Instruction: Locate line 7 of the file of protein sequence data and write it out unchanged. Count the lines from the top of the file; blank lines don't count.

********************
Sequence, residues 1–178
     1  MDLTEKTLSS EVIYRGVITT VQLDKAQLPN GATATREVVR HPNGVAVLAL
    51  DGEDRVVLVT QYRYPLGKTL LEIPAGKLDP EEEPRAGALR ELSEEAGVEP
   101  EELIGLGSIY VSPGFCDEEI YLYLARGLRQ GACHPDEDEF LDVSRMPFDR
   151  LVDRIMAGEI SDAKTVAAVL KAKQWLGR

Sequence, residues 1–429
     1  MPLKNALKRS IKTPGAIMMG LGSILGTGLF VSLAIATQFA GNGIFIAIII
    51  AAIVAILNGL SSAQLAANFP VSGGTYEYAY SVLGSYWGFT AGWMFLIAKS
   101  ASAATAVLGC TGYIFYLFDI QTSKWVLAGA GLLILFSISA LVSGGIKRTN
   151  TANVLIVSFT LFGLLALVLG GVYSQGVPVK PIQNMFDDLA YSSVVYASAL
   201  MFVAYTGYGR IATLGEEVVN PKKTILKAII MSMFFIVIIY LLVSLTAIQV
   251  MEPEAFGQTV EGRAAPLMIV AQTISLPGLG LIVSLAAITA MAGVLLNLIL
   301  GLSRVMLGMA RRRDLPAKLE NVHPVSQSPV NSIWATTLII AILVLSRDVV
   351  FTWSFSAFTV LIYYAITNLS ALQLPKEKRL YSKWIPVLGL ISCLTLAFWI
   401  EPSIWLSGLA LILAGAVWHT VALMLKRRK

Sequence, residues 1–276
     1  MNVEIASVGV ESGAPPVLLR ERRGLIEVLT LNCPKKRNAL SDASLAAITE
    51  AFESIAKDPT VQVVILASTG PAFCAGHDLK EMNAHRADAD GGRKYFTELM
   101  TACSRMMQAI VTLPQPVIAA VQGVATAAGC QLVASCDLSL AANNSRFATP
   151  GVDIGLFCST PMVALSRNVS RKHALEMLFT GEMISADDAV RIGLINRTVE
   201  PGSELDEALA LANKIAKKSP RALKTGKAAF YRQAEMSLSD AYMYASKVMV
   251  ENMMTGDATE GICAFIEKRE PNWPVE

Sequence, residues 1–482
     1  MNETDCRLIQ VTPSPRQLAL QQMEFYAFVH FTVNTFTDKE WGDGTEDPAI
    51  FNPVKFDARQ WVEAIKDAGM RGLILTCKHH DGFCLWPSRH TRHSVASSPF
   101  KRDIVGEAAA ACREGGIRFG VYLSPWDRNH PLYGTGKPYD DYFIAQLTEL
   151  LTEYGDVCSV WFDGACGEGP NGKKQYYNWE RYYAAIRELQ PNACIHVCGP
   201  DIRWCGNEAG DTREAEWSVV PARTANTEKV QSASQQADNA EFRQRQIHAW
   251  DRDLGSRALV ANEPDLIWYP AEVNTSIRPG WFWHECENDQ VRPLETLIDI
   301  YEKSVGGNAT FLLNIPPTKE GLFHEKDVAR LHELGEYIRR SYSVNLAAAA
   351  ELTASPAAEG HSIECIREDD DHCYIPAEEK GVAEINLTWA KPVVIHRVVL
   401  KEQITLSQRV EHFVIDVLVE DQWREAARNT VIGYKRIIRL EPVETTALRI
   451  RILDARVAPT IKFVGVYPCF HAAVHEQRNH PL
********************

     1  MPLKNALKRS IKTPGAIMMG LGSILGTGLF VSLAIATQFA GNGIFIAIII